Co-Opers Provide ‘Releaf’ in Oakland

Contact Vincent Quan at [email protected]





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More than two dozen students from several UC Berkeley co-ops participated in an Oakland tree-planting program on Saturday as part of an ongoing volunteer effort to improve the landscape in urban environments.

Urban Releaf, an Oakland nonprofit environmental awareness agency, organized the 25 volunteers, who headed to 12th and Kirkham streets in Oakland on Saturday morning, ready to refurbish the block with about 20 new trees.

“It was a good opportunity to become friends with the people who live in co-ops,” said junior Mariko Miyahira, a Japanese exchange student living in Oscar Wilde House. “I’m interested in the community outside the university.”

Urban Releaf has planted 12,000 trees in Oakland since its inception in 1998, said Kemba Shakur, the organization’s executive director and founder.

The organization plants 80 percent of all new trees in Oakland and 90 percent of the trees in Richmond, where it started sending volunteers in 2005, said Ashley Du Val, the program’s community outreach coordinator and a former resident of Casa Zimbabwe and Andres Castro Arms.

“There were two (trees) when (Shakur) first started on 57th Street,” Du Val said. “There has been remarkable progress.”

While the co-ops participate in three community service projects per semester, this is the first time the University Students’ Cooperative Association planted trees with Urban Releaf, said Sarah Horwitz, the association’s vice-president of external affairs.

In past semesters, co-op members have worked with Rebuilding Together, which revitalizes houses, and The Berkeley Project, a student service organization, she said.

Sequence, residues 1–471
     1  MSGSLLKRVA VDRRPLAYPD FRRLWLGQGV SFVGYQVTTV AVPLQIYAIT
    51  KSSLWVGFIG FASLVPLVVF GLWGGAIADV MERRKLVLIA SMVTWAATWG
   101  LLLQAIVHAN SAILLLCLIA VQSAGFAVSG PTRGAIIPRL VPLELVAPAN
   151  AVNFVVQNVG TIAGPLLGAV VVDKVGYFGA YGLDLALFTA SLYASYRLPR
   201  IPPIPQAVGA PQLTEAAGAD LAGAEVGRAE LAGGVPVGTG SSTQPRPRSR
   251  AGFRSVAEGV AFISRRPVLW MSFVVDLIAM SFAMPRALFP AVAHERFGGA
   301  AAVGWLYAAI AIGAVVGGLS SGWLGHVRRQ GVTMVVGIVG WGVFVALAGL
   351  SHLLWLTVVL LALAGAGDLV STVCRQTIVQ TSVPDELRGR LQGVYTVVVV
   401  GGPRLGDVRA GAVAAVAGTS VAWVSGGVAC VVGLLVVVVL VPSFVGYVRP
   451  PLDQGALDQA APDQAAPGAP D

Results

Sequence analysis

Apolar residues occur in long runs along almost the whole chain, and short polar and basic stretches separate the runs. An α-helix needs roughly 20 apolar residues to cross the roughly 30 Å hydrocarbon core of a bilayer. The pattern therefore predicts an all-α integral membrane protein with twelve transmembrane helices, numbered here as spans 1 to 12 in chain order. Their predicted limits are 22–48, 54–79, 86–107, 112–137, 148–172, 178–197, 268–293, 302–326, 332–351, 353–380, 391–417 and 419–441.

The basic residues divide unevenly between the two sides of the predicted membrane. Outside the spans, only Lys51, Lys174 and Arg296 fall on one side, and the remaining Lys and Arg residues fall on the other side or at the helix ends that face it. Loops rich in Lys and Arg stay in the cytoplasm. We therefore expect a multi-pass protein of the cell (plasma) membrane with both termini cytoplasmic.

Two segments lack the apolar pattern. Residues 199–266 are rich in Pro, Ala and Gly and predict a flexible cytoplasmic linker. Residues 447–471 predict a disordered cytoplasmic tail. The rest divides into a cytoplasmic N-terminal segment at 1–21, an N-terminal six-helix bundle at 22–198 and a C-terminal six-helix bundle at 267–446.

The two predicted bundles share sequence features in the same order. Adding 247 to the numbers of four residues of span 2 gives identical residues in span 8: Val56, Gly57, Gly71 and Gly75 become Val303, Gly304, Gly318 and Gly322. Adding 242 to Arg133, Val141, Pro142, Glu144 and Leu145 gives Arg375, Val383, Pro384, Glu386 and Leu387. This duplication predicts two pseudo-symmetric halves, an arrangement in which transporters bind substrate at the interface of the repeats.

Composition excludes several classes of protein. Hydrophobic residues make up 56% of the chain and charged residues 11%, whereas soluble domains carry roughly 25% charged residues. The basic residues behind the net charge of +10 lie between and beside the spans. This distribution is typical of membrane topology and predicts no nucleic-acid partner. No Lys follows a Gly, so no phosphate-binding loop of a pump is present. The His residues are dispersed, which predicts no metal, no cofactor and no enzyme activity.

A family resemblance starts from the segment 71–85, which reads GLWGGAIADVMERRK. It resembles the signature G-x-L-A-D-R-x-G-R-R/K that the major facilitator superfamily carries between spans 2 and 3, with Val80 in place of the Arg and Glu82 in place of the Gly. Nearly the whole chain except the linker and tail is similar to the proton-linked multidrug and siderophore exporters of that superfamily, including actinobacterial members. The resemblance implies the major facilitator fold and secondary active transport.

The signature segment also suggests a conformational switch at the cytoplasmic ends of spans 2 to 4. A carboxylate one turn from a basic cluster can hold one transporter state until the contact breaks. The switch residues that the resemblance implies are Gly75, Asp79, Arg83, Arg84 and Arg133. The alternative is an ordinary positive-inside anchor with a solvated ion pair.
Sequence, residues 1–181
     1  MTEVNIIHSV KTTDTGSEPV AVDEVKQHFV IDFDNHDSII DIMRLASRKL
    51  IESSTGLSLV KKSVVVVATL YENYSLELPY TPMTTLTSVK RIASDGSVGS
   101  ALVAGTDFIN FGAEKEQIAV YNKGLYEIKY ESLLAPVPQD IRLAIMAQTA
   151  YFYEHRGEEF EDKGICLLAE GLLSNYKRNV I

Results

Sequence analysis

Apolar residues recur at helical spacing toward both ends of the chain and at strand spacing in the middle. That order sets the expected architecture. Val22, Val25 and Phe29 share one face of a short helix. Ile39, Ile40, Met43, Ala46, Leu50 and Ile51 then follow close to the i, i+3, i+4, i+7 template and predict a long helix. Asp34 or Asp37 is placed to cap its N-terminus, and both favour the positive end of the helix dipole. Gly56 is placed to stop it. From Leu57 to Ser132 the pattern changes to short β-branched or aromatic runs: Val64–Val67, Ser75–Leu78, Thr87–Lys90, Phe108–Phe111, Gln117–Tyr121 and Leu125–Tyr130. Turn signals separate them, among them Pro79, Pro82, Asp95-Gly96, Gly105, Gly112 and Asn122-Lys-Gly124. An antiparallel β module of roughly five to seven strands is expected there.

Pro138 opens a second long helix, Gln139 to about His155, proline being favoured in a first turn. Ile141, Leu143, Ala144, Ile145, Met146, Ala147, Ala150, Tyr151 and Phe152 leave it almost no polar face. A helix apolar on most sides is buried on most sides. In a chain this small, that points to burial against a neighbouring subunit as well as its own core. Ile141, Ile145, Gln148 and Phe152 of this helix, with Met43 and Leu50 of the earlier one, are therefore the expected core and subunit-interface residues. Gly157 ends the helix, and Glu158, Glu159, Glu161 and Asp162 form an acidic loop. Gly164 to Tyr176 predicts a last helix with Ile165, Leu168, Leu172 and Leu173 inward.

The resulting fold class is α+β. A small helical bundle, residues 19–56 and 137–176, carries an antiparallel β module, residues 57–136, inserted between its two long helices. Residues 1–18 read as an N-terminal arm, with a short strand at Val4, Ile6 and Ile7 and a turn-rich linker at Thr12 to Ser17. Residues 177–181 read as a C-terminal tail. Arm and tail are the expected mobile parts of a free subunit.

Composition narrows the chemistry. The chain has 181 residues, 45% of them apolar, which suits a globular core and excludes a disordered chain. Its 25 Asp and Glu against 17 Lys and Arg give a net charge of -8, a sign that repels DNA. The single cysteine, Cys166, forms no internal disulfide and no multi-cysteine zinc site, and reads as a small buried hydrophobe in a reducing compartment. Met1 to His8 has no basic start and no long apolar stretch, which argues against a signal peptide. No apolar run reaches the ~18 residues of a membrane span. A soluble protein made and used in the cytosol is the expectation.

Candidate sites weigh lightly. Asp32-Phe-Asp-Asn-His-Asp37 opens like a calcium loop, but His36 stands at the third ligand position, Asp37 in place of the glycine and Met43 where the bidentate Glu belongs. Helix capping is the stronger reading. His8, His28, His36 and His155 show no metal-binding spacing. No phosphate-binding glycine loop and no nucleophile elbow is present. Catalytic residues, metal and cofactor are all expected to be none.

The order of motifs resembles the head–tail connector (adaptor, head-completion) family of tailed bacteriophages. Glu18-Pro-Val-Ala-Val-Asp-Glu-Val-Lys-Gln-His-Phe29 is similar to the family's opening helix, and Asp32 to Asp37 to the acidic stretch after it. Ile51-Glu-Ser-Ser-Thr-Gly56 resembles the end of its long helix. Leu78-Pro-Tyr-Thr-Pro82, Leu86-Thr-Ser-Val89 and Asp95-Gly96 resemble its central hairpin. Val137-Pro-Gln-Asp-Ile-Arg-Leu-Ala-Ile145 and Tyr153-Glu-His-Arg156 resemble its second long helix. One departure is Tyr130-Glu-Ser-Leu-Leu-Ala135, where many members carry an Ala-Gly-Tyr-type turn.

In addition to planting trees, Urban Releaf has conducted research and served as a safe haven for local at-risk youth, said Shakur. To date, the organization has trained more than 4,000 youths in tree planting and environmental maintenance.

“It is all about investing back into the community,” said Lara Roman, a first year graduate student in environmental science, policy and management. “Getting the youth involved helps maintain the sustainability of the program.”

Current co-op residents were actively recruited into the program by many Urban Releaf staff members and interns who were once co-op residents at UC Berkeley.

The organization will continue planting new trees in Oakland and Richmond through March, until the climate becomes unsuitable, Roman said. However, older trees in Oakland and Richmond will still be maintained on a daily basis.

Urban Releaf will be offering internship opportunities for UC Berkeley students, during which participants can receive course credit for planting trees.

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